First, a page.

Note: This article contains images of Aboriginal people who have died.
Clyde Mansell’s vision of the future is one where everybody understands why it’s important for Aboriginal Tasmanians to be recognised.
The 71-year-old was born at Lady Barron on Flinders Island and spent his childhood living there and on Cape Barren Island in the Bass Strait.
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Mansell credits his time on Flinders Island as the main part of establishing his cultural grounding.
He believes growing up on the island with a strong connection to country and community helped shape his life for the better.
“We were not recognised with our Aboriginality, so there was always this tossing and turning about who we were as a people,” he said.
“But at the same time there was this sense of lack of inclusion.”
In the ’40s and ’50s Aboriginal men were not allowed to drink with non-Aboriginal men at the Whitemark pub. Mansell said they were forced to go around the side of the bar into a room referred to as “the bull ring or snake pit”.
“It is the old story – ‘Truganini was the last Aborigine, they are not real Aborigines’,” he said. “It is in that context that we grew up.”
Muttonbirding was one of the ways Mansell learned and explored his connection to culture. The tradition involves going to the islands surrounding Flinders for a seasonal harvest.
People would catch and cook mutton birds in what he described as a celebration of culture. Mansell has been participating since he was a baby.
“Muttonbirding for Aboriginal people is a time of connection. It is a time of celebration, of people as a group and as a community,” he said.
“I maintain today that you see Aboriginals at their best when you see them muttonbirding. It is a time when we are in control of what we are doing. It is our culture.”
As a young boy Mansell saw muttonbirding as a time of adventure. His trips to the islands for the celebration continued even after he moved to Launceston.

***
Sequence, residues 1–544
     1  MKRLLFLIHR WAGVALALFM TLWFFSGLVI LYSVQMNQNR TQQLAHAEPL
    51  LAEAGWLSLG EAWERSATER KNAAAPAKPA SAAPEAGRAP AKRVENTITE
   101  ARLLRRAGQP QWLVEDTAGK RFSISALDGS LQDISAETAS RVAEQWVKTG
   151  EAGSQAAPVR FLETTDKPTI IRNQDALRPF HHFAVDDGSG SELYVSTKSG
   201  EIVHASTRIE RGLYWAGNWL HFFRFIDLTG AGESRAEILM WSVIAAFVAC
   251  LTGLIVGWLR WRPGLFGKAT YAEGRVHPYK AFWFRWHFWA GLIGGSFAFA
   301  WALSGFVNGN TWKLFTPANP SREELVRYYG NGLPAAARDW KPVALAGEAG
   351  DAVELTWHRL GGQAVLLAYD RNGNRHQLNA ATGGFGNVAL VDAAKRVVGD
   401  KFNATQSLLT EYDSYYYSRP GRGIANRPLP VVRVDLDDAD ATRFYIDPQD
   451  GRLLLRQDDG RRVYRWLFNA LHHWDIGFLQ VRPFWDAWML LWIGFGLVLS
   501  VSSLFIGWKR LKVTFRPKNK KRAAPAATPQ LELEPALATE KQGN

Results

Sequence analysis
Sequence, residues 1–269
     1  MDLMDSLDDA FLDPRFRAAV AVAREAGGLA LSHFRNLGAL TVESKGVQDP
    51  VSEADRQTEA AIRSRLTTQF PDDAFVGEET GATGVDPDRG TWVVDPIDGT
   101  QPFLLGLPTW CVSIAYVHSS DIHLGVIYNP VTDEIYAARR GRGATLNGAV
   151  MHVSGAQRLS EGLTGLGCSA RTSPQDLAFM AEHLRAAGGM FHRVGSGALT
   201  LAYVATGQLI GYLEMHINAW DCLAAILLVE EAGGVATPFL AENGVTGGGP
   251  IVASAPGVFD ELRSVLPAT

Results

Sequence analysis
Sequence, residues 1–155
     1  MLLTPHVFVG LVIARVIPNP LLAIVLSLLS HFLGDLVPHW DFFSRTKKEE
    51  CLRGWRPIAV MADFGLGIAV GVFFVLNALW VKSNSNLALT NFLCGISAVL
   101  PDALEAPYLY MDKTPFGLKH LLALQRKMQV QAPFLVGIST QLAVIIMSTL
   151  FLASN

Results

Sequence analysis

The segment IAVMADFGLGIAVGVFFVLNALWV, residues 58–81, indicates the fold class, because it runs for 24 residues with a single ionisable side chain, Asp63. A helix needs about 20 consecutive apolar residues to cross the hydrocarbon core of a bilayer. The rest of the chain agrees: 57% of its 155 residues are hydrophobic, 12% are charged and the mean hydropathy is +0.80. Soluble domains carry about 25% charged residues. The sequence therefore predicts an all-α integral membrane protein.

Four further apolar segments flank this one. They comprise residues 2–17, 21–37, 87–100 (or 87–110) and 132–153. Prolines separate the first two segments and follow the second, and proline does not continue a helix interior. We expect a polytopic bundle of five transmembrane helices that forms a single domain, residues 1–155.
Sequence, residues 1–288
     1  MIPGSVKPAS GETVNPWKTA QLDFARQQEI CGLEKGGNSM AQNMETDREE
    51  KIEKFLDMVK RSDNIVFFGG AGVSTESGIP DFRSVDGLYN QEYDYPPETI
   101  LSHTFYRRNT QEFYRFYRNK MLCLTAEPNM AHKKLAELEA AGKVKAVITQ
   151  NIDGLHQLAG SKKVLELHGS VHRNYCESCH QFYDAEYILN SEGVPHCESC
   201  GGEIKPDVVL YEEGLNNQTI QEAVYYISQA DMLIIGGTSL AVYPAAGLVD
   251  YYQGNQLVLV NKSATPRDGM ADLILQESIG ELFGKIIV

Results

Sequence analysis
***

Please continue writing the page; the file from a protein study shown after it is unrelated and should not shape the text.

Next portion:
His move to mainland Tasmania came about the same time he exited the education system.
Whilst Mansell would admit he wasn’t the best scholar, he said the systematic racism he endured also played a major role in his departure from school. “We just didn’t have a good relationship with education,” he said.
Clyde said they would teach history and say Truganini was the last Aboriginal. But when he left school he would be “rubbished” for being part of an Aboriginal family and community.
“They would call us half-caste and n—-r and so … you get confused and you rebel,” he said.
So, when he was about 15 Mansell, as the oldest boy in the family, began to look for work.
“I used to sweep Invermay Road every Thursday afternoon and my mates used to give me hell driving past,” he said
He worked in factories and smelters throughout the years before becoming the first Aboriginal field officer at the Aboriginal Legal Service in 1973.
He went on to work for the Commonwealth as an employment education officer before being recognised as an elder in the Launceston Aboriginal community.
That title is special to Mansell. Elders were the people he turned to as a young man when he had lost his way in the world. Now he tries to be that guiding light for other young Aboriginal people who might need help.
“We try and ensure that young people, if they’re finding it hard to stay connected, stay connected to their community and culture,” he said. Mansell said racism has become less overt since he was growing up. However, he believes while it’s not as open, the racial undertones of discrimination still exist.
“I think that will always be there. I don’t think there is a day when we can suggest there is never going to be racism,” he said.
Mansell said athletes were helping to change attitudes, but pointed to the example of Adam Goodes, who was booed out of the AFL after standing up to racism, to suggest that there would always be flare-ups.
He believes constitutional recognition will help solve that problem and will help improve understanding. “It is about recognition of our community’s place in this country,” Mansell said.
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